5 Worst Contracts in Recent Montreal Canadiens History
They are Flying Frenchmen.
They are the Montreal Canadiens.
They are the most storied franchise in the National Hockey League. However, while no team has won more than Montreal's 24 Stanley Cups than Les Glorieux, they have not brought home the great trophy since 1993.
They have made a lot of mistakes since then.
Among those mistakes have been signing players to onerous contracts or bringing players aboard who already had signed them with other teams.
Here are the five worst contracts in recent Canadiens history.
The Montreal Canadiens traded for Gomez after the 2008-09 season when they sent Chris Higgins, Ryan McDonagh and Pavel Valentenko to the New York Rangers for Gomez and Tom Pyatt.
What made the deal so bad is that the Canadiens expected a superstar performance from Gomez. They were certainly paying him a superstar salary.
The Rangers had already paid Gomez $18 million in the previous two seasons. However, the Canadiens were now obligated to pay Gomez $33.5 million over the next five seasons.
In his first three seasons with the Canadiens, he has scored 21 goals. His goal totals have been 12, seven and two.
The Canadiens finished dead last in the Eastern Conference last year, and Gomez did more than his part to help them reach the basement.
Tomas Kaberle was acquired by the Boston Bruins during the 2010-11 season to give their power play a lift.
The Bruins would go on to win the 2011 Stanley Cup, and they would do it with one of the worst power-play performances in playoff history.
Peter Chiarelli and head coach Claude Julien quickly came to the conclusion that Kaberle was not a Bruin-type player, and they traded him to Carolina for Joe Corvo. The Hurricanes were thrilled to have Kaberle and signed him to a three-year, $12.75 million contract.
It didn't take the Hurricanes long to realize that Kaberle was not worth the price. They traded him to the Canadiens for Jaroslav Spacek.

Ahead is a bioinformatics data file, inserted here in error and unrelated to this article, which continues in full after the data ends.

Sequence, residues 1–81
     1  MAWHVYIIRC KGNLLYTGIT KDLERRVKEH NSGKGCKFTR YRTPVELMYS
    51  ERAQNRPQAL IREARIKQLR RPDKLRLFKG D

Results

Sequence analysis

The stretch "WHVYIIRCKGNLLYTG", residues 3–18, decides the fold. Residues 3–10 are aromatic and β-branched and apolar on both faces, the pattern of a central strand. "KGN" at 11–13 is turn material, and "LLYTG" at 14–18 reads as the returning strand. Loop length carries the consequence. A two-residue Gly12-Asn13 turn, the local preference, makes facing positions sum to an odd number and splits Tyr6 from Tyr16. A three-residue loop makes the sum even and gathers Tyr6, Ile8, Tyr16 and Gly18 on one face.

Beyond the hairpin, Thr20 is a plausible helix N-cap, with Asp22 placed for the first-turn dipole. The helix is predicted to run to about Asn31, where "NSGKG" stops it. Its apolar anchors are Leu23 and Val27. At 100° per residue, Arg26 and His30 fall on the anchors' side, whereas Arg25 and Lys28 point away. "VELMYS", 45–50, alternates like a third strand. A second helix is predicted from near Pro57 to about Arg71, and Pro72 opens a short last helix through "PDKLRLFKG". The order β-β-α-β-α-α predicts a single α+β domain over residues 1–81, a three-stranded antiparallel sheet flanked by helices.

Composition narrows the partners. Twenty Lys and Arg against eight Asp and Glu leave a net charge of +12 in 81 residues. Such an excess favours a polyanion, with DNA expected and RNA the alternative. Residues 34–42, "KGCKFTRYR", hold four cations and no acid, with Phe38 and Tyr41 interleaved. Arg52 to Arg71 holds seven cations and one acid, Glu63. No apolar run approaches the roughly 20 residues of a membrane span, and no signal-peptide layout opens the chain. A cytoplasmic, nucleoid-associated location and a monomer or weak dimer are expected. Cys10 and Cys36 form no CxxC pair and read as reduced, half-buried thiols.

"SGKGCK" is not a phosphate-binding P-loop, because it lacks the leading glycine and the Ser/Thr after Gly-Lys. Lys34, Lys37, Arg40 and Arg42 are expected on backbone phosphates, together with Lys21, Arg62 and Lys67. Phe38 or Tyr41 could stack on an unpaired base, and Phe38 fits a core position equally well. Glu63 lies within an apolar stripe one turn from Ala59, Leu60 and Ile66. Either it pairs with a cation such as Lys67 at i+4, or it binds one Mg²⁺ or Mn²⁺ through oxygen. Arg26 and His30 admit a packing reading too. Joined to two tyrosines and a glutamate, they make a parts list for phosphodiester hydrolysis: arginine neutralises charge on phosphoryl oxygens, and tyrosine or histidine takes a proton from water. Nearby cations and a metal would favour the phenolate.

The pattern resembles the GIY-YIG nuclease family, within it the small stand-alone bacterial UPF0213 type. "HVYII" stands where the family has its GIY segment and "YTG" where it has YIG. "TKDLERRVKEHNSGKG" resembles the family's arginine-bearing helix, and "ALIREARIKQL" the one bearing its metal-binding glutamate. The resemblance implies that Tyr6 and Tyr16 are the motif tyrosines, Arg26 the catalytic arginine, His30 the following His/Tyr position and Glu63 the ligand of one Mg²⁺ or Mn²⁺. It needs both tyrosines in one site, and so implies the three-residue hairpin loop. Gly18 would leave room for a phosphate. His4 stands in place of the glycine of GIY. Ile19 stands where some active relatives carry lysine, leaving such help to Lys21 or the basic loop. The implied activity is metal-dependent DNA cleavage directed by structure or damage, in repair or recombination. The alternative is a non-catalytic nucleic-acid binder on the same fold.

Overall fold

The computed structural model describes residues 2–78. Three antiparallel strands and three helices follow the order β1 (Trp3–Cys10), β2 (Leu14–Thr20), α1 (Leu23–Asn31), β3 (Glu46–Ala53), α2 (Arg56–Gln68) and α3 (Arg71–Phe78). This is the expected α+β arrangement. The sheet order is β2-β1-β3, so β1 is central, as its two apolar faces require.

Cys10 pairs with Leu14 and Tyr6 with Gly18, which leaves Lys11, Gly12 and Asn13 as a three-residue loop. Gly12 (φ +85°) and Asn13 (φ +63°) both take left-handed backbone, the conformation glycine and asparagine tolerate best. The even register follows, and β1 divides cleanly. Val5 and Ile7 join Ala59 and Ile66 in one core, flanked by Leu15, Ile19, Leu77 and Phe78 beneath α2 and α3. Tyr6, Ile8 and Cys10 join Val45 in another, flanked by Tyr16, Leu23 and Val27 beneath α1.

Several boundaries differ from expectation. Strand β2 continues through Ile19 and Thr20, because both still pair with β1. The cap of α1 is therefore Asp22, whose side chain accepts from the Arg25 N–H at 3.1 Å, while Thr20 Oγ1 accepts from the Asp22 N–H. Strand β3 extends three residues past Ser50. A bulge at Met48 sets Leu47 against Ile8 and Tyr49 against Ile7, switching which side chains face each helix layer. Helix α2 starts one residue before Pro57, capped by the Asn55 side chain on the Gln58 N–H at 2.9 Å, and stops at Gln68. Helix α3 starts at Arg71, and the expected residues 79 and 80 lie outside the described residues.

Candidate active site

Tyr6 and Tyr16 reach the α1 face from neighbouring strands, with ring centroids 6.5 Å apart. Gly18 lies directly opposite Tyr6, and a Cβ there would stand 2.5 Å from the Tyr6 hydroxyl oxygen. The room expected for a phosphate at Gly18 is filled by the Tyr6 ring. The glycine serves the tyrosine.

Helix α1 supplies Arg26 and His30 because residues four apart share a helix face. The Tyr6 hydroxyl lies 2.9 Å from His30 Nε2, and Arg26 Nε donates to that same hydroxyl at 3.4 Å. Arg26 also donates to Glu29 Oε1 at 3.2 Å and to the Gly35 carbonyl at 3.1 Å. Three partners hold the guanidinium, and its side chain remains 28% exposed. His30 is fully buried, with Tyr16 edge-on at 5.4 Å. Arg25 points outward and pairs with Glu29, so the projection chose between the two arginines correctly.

Kaberle is now the Canadiens' problem, and they are on the hook for the final two years of the contract. They will owe the butter-soft Kaberle $8.75 million in salary.
The Montreal Canadiens believe Carey Price will become a franchise goalie.
They think that when his career is over, Price will rank with the most talented goalies in Montreal history. That means that he will belong in the same category as Jacques Plante, Ken Dryden and Patrick Roy.
The Canadiens signed Price to a six-year, $39 million contract during the offseason. Price has a 2.56 career goals against average and a .916 save percentage. He has won one playoff series in his career.
While there is little doubt that Price has sensational instincts and reflexes, he has not proven anything to this point. He has flashed his ability, but he has not demonstrated his superstar's ability on a consistent basis.
The Canadiens have gambled—perhaps recklessly—that Price will be an all-time great.
The Montreal Canadiens thought they were getting a superstar when they signed Andrei Kostitsyn to a three-year, $9.75 million contract prior to the 2008-09 season.
They thought they were getting a player who would score 25-to-30 goals and prove to be dependable in the clutch.
The Canadiens did not get what they paid for. Kostitsyn scored 58 goals in three seasons and never scored more than 45 points in any one season.
Kostitsyn scored six goals in 25 playoff games over those three seasons.
Mike Cammalleri signed a five-year, $30 million contract prior to the 2009-10 season.
Cammalleri had scored 39 goals the year before with the Calgary Flames. When the Canadiens brought Cammalleri into the fold, they thought he would be a dominant scorer.
However, he never scored more than 26 goals in a season with the Canadiens. He reached that level in 2009-10. He followed that with seasons of 19 and 20 goals.
The Canadiens decided to cut their losses and trade Cammalleri back to Calgary in the middle of the 2011-12 season. The Canadiens got Rene Bourque back in exchange.
Cammalleri never reached the superstar level with the Canadiens.
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